Bilateral hearing loss after dichloromethane poisoning: A case report


  • The work was performed at Occupational Health Unit, Sant'Orsola-Malpighi Hospital, University of Bologna, Italy.
  • R.B. drafted the manuscript. L.C., M.D.L., F.S.V. contributed to and discussed the manuscript. All authors have read and approved the manuscript. There are no conflicts of interest.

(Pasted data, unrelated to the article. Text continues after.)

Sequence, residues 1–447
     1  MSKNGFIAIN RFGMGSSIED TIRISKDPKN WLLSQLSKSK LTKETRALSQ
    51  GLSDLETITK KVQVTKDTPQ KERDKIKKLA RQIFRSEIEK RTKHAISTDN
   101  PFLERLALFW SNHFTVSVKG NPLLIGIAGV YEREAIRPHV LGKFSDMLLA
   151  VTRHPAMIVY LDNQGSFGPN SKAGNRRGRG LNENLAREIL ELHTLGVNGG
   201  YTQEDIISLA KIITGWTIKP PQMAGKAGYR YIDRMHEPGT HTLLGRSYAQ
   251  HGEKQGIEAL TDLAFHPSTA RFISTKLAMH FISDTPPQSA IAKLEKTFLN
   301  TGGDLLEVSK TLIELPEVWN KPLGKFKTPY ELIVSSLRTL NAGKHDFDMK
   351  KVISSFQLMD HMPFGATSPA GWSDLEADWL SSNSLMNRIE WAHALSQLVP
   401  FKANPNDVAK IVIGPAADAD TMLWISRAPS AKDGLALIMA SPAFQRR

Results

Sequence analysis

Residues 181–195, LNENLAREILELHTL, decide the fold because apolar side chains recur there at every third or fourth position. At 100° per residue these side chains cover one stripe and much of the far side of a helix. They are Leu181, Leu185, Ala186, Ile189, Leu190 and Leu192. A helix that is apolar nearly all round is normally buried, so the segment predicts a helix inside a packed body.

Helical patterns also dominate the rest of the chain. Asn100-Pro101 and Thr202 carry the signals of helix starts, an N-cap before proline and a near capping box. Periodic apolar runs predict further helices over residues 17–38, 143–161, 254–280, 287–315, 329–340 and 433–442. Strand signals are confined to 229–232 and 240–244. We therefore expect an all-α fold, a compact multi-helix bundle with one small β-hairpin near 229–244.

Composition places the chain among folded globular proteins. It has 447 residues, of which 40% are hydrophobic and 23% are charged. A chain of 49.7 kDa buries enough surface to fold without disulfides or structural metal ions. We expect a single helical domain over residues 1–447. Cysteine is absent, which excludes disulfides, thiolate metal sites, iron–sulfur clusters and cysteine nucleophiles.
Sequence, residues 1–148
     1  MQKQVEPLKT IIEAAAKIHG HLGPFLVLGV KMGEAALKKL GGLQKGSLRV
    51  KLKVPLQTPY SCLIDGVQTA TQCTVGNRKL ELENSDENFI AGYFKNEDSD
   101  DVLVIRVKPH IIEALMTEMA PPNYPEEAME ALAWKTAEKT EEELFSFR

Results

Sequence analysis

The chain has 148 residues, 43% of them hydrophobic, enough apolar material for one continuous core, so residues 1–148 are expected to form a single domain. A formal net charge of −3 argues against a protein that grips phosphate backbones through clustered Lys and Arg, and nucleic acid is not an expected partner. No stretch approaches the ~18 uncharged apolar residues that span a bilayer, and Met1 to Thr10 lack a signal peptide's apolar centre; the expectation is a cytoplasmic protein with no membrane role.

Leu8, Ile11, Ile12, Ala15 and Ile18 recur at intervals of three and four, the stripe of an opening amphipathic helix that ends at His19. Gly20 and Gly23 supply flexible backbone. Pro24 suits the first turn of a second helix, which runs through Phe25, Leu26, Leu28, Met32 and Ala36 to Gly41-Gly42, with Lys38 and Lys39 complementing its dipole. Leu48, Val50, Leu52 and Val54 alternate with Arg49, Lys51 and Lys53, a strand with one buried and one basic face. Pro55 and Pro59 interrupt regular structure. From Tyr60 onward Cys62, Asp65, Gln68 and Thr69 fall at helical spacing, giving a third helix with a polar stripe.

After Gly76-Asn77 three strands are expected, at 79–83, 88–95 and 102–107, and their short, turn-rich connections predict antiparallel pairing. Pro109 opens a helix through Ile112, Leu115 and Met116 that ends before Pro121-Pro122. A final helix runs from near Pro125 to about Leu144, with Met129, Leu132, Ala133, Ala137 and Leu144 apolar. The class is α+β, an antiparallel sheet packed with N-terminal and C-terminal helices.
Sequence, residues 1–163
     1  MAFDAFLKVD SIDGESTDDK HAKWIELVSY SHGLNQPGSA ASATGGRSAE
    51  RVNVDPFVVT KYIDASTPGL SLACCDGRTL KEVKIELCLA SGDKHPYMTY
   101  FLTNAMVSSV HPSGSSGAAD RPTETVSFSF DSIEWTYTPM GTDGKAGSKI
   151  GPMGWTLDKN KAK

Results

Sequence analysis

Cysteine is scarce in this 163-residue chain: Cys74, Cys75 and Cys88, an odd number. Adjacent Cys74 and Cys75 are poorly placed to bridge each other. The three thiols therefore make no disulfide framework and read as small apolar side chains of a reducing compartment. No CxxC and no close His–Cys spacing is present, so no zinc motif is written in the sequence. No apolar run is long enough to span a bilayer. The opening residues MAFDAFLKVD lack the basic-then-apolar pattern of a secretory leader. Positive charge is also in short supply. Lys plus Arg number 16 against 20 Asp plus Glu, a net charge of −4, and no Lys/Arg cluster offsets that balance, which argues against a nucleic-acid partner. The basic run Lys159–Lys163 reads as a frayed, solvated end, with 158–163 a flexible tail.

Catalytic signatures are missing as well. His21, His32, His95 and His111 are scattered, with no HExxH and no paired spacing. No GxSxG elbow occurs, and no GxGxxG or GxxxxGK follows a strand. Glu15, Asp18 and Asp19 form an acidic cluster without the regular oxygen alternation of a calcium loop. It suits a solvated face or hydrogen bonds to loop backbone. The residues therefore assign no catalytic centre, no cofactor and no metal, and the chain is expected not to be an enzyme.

Dichloromethane is a widely used organic solvent. Occupational exposure to dichloromethane is frequent and can result in both acute and chronic toxicity, affecting mostly the central nervous system, directly or through its metabolite, carbon monoxide. The effects of dichloromethane on the peripheral nervous system are debated. Here we report the case of a 37-year-old woman who was accidentally exposed to dichloromethane. In the days following the incident she experienced bilateral hypoacusis. Hearing loss regressed after 25 days treatment with hyperbaric oxygen. This is the first report of sudden hearing loss after acute exposure to dichloromethane, suggesting a possible toxic effect of this solvent on the auditory system. Am. J. Ind. Med. 57:254–257, 2014. © 2013 Wiley Periodicals, Inc.